The most dangerous risk is that the defendant lacks the intention of payment and exploits the time offered in the payment agreement as an opportunity to fraudulently convey or cash out assets. In some cases, the defendant, if a corporation without the burden of a personal guaranty or security, might liquidate its assets, distribute the proceeds and leave the plaintiff high and dry.
There are the standard remedies to assure payment:
Judgment upon settlement and not upon default
Don’t expect the opposing counsel to bound over the net and shake your hand when you make this proposal. Judgment upon settlement, and not judgment upon the default, enables the plaintiff to secure the judgment with judgment liens, such as JL-1 filed with the Secretary of State (lien on personal property), and abstract of judgment recorded with the County Recorder (lien on real property). While not all-encompassing like some other remedies, something is better than nothing. Paramount in enforcement is to incorporate an acceleration clause in the settlement agreement: “In the event of default of payment when due and payable, or default of any other covenant herein, without notice or grace, plaintiff may accelerate all of the remaining installments, and each of them, and declare the entire unpaid balance immediately due and payable, and proceed to enforce all rights and remedies under law or equity under this agreement or any collateral agreement referenced herein. The late or non-conforming tender of any installment shall not act to revive, or reinstate, the right to make periodic installments, or to defer payment of the total, and any payments received after the default shall be applied on account of the accrued interest and the balance to principal and without a waiver of the default herein or the right to collect the accelerated balance.” Don’t surrender these demands. They are your [malpractice] insurance.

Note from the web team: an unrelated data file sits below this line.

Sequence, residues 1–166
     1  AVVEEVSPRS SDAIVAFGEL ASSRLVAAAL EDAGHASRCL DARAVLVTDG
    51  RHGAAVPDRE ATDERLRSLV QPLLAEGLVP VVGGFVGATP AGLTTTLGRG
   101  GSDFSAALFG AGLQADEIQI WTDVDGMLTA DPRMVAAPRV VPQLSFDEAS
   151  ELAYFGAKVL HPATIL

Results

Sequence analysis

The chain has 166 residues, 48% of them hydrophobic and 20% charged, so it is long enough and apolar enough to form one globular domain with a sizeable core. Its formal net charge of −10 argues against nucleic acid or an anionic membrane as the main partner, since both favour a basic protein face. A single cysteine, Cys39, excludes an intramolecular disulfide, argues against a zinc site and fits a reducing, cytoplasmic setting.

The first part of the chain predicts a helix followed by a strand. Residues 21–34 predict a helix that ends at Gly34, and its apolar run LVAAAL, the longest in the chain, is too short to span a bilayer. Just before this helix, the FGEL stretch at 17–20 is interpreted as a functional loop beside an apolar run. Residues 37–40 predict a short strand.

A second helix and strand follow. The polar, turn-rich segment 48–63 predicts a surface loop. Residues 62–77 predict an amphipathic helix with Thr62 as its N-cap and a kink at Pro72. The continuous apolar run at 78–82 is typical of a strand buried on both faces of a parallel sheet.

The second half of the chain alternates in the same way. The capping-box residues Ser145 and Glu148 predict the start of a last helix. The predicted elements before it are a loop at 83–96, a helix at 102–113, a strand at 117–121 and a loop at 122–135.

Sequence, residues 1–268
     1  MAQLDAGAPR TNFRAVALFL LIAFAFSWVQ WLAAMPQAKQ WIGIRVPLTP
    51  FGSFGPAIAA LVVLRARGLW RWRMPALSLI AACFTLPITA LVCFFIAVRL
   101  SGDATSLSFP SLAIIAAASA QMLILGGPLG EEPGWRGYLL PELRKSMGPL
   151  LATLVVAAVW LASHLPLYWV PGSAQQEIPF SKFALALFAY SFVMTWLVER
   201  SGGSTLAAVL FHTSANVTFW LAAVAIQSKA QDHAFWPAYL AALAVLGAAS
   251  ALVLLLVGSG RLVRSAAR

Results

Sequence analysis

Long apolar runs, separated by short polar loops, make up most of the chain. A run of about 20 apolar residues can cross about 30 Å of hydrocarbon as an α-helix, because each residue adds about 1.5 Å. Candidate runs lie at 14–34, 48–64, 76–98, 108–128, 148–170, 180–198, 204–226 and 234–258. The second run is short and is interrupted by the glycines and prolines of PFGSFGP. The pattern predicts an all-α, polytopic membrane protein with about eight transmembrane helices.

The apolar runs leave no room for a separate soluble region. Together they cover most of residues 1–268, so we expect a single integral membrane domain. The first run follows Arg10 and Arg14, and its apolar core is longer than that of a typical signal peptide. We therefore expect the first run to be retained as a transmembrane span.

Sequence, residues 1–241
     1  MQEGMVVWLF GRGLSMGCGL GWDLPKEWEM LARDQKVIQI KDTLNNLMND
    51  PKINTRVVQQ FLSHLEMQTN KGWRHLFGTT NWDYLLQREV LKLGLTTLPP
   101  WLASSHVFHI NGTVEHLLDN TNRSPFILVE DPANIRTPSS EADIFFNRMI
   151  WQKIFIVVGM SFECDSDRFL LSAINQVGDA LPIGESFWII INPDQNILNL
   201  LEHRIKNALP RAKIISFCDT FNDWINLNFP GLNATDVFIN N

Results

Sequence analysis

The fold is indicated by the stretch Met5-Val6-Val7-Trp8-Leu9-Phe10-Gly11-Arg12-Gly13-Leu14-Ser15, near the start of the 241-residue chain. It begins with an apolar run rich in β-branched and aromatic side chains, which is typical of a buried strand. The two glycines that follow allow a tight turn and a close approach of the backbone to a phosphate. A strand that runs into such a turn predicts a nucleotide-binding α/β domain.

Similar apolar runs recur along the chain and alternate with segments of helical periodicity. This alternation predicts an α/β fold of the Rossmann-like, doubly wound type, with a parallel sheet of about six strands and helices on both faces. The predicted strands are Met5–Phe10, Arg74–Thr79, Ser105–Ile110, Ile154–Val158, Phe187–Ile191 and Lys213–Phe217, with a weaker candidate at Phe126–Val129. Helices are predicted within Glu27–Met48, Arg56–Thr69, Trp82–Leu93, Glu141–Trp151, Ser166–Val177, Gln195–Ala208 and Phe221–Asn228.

Perfected security interest
This settlement agreement should incorporate a perfected security interest in the now owned and hereinafter acquired personal property of the defendant, which would include fixtures, deposits, all intellectual property, and commercial tort claims. Don’t forget that a copyright is subject to registration of a lien thereon with the United States Copyright Office, and not a UCC filing with the Secretary of State. Liens would provide some solace in the event the defendant sells the business, because the buyer, absent the bizarre, would otherwise acquire assets free and clear of liens. These liens, if older than 90 days, will emerge intact from a bankruptcy, which is the front-and-center risk in any payment agreement. Seek a control agreement to reach the bank accounts. The lien, by virtue of the settlement agreement, might well provide for priority over subsequent liens. A personal property lien also trumps subsequent attachment and judgment liens, thereby enabling the secured creditor to file a third-party claim and wrestle back any property seized by way of execution or attachment.